At the height of her swimming career, Amanda Beard had won seven Olympic medals for the United States. She was also a successful model, with a mane of amber hair and a surfer-girl physique.
But behind her bright smile, she was hiding physical and emotional turmoil that she didn't reveal even to close friends, family members or coaches.
Today, after years of struggling with depression, bulimia, drug abuse and bad relationships, Beard has finally emerged into greater strength and peace. She is happily married, a proud mom and will soon be opening a swim school in Gig Harbor.
You can hear Beard's inspiring story at MultiCare Health System's 16th annual Do Something Healthy event, hosted by the Hotel Murano in Tacoma on Thursday, Jan. 21 at 6 p.m.
At the event, Beard will talk about her journey of overcoming personal obstacles, drawing on details from her recent memoir, "In the Water, They Can't See You Cry."
Beard was only 14 when she walked out onto the pool deck at the 1996 Atlanta Olympics, carrying her teddy bear, Harold. Despite her young age, she exceeded expectations that day, winning silver in the 100- and 200-meter breaststroke and gold in the 400-meter relay.
Beard went on to compete in three more Olympic games during her teens and twenties, winning a total of seven medals. She has garnered a total of 21 medals in major international competitions.
But despite all of her success, Beard felt unworthy. After her parents divorced and she hit puberty, she began to put more and more pressure on herself. Seeing her modeling images airbrushed and edited only added to the feeling that she needed to be perfect.
With no other outlet except for the pool, Beard coped by engaging in self-destructive behaviors during her teens and twenties. She became bulimic, abused drugs and alcohol and started cutting herself.
"It was the bottom of the bottom for me in my life," Beard says. "I was living day after day in a funk. It was the only way I knew how to cope with anything, and I saw no light at the end of the tunnel. It just got to be too much."
Finding healing through community
Beard says that she finally got to a point where she took a step back to reevaluate. She credits her strong support system, including her boyfriend (now husband) Sacha Brown, with helping her turn her life around. Brown guided her to make changes and encouraged her to seek therapy.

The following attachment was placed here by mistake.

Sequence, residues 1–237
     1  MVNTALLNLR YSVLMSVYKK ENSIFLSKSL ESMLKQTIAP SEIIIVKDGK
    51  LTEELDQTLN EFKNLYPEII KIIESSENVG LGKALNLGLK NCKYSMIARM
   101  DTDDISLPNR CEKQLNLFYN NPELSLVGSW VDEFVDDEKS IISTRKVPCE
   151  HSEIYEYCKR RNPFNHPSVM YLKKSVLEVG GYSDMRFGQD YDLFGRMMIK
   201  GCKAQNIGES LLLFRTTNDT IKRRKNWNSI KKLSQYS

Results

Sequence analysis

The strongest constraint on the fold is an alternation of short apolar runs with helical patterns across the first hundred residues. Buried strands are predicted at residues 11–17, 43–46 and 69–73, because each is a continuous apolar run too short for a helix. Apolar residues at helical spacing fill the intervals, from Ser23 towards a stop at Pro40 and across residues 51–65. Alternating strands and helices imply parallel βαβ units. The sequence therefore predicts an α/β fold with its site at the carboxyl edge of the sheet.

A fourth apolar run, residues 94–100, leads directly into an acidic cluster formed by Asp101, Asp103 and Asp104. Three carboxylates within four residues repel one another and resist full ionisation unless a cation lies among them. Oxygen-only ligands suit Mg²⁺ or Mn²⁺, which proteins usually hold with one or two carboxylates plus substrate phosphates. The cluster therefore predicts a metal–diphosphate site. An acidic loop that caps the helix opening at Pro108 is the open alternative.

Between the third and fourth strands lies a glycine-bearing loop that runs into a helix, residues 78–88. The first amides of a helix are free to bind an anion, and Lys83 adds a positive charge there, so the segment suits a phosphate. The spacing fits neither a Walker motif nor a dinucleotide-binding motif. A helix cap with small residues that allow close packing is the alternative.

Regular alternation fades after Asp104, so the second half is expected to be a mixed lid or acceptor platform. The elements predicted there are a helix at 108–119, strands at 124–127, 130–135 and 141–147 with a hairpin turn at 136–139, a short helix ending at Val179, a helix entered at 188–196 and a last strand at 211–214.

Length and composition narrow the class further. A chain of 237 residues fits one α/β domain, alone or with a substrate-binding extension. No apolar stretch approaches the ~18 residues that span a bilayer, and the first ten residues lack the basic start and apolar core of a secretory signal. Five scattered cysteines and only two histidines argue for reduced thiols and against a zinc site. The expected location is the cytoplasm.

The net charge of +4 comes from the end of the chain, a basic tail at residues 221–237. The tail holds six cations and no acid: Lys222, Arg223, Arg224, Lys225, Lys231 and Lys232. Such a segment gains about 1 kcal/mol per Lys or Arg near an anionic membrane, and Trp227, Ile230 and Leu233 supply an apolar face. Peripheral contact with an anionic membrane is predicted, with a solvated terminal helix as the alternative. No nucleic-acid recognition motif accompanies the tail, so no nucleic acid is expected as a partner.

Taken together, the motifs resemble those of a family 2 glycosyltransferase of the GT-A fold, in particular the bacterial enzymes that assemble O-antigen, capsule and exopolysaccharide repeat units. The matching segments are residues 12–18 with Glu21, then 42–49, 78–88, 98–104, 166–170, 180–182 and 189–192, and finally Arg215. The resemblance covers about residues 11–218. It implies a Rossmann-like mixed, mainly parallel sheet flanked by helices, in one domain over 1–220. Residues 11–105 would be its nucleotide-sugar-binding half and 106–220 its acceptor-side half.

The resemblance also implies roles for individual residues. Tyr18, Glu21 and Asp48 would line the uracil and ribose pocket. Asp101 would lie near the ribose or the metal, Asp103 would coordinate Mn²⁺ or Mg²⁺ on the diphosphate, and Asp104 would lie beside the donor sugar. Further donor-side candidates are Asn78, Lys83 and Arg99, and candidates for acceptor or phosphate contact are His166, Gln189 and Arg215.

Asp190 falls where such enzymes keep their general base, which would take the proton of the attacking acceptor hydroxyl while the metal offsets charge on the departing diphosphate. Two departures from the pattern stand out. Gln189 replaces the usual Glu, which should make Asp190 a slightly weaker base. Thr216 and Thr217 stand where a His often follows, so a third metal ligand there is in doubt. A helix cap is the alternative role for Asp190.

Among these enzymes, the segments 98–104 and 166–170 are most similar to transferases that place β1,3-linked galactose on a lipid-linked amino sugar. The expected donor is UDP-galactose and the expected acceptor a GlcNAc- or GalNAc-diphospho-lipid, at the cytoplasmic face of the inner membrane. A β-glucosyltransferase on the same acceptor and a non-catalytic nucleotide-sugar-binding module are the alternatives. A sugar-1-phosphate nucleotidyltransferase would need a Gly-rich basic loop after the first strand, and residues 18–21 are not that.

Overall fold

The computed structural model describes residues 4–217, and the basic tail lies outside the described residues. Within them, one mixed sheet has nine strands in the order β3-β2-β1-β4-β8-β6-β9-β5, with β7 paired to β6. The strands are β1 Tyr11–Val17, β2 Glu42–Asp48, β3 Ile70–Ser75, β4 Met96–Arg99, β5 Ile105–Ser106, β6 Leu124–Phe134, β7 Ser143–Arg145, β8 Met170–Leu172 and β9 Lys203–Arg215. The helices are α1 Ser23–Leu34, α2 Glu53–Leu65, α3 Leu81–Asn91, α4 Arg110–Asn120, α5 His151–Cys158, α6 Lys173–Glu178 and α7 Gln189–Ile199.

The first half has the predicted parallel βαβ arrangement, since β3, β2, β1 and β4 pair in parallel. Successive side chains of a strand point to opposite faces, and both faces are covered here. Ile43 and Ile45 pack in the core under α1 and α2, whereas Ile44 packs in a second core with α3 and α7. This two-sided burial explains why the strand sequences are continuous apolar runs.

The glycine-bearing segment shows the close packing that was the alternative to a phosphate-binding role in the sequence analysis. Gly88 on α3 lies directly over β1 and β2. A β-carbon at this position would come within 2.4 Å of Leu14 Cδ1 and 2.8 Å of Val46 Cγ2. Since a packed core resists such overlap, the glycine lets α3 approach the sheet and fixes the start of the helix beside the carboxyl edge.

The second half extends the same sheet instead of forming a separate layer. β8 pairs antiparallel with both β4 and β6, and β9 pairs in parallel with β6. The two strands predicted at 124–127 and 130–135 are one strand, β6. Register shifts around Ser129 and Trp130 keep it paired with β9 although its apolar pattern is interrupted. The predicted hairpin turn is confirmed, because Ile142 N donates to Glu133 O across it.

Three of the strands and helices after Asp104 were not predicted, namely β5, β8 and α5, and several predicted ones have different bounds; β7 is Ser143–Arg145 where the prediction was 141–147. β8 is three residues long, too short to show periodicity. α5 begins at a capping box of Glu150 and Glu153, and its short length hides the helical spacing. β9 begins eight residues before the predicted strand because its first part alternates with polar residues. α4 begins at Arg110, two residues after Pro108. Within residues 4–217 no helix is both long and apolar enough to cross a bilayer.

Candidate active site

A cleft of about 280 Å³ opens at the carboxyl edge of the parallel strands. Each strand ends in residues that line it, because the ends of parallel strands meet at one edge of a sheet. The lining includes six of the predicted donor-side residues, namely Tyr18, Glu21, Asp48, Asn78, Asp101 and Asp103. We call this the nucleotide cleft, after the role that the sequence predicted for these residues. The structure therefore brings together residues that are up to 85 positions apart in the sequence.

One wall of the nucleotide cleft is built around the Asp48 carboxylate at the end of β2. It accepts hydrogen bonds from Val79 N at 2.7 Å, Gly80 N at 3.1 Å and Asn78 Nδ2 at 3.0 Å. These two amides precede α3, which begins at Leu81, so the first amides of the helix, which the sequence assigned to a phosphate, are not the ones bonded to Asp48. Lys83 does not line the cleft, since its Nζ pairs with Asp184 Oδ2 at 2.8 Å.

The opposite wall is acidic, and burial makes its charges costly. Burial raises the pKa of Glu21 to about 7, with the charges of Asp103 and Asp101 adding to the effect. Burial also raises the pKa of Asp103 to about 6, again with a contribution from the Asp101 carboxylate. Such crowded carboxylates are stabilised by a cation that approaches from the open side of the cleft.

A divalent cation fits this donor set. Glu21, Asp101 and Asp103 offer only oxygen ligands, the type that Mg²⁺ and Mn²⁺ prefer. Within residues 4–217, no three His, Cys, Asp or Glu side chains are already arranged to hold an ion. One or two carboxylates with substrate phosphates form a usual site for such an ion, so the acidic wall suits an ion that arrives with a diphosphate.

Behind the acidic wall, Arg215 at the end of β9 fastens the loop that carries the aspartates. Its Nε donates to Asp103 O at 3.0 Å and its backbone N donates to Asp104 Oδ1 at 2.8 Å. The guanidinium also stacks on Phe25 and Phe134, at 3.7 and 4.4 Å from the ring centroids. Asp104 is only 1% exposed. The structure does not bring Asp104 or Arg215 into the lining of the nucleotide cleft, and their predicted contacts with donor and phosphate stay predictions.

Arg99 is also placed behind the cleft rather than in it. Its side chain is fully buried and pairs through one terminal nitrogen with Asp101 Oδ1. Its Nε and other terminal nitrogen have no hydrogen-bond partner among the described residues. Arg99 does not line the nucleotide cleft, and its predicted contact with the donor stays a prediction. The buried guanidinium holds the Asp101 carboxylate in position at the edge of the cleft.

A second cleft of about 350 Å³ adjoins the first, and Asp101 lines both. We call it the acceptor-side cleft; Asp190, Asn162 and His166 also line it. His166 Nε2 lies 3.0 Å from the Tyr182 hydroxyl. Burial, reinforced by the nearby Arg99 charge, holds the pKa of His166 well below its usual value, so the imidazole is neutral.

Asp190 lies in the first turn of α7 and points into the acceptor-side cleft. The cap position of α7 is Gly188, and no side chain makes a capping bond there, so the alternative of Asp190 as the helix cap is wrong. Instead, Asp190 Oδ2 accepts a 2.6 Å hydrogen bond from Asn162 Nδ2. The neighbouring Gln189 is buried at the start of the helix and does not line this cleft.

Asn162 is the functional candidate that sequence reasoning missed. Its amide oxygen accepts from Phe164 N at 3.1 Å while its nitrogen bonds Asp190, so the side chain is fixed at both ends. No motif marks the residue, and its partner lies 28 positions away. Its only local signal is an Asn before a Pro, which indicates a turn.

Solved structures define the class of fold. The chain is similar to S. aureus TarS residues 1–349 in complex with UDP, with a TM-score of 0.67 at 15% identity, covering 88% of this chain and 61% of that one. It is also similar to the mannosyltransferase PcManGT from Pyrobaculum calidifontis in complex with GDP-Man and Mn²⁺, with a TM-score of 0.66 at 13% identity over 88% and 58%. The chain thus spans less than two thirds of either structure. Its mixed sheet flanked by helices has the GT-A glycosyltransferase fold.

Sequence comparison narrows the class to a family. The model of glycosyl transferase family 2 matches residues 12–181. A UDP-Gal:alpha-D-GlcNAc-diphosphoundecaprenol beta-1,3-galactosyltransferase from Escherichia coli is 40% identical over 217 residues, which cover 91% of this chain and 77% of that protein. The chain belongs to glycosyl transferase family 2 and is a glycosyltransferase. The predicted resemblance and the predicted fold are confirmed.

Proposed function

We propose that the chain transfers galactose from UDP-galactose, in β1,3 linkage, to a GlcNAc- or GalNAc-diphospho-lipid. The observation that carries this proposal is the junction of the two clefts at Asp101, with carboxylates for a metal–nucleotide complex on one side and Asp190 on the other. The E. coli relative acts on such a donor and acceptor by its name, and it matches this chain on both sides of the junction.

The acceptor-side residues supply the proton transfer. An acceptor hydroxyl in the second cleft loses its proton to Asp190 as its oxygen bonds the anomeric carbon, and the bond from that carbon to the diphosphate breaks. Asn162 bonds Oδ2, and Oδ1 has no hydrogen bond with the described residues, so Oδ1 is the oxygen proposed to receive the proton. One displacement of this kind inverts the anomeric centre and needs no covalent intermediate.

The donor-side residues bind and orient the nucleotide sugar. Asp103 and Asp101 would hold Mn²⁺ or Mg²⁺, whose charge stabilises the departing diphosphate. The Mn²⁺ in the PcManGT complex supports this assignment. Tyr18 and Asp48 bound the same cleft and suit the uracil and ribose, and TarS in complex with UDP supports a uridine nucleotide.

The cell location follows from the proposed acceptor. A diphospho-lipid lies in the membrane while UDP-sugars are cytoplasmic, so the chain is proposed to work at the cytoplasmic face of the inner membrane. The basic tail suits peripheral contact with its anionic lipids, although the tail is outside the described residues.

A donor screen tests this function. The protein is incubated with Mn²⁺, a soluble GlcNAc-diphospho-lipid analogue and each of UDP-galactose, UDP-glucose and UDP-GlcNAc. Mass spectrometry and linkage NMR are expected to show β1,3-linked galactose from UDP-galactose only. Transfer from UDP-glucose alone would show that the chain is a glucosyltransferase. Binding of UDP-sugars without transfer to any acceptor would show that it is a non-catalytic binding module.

"We get into this mindset where we don't want to be a burden on someone, or don't want people to think differently of us," Beard says. "But when we start opening up and talking about these things, so many other people have similar experiences and issues. I think that was really a healing process for me."
Beard says she realized that she didn't need to be ashamed about her experiences, or embarrassed to reach out to people.
"There's nothing wrong with you – you're not broken. You're just human," she says.
Beard and Brown are now happily married, have two small children and recently moved to Gig Harbor, where they are surrounded by friends and family. Beard's next venture is starting a swim school in Gig Harbor.
"I've been involved with drowning prevention for over 20 years, and my passion is ensuring that everyone is water safe," she says.
The learn-to-swim program will initially focus on children up to age 8, and the school is set to open in 2016.
From Olympic heroes to celebs from TV’s “Dancing with the Stars” and “The Biggest Loser,” the featured speakers at MultiCare’s Do Something Healthy event have inspired Tacoma for more than 15 years.
This year, Olympic swimmer Amanda Beard will talk about her incredible journey and rise to the podium, along with her struggles and hardships along the way.
Seating is limited and registration required, $10 per person. Register online at multica.re/1UCNSzl, or call 1 (800) 485-0205.
Courtesy of MultiCare Health System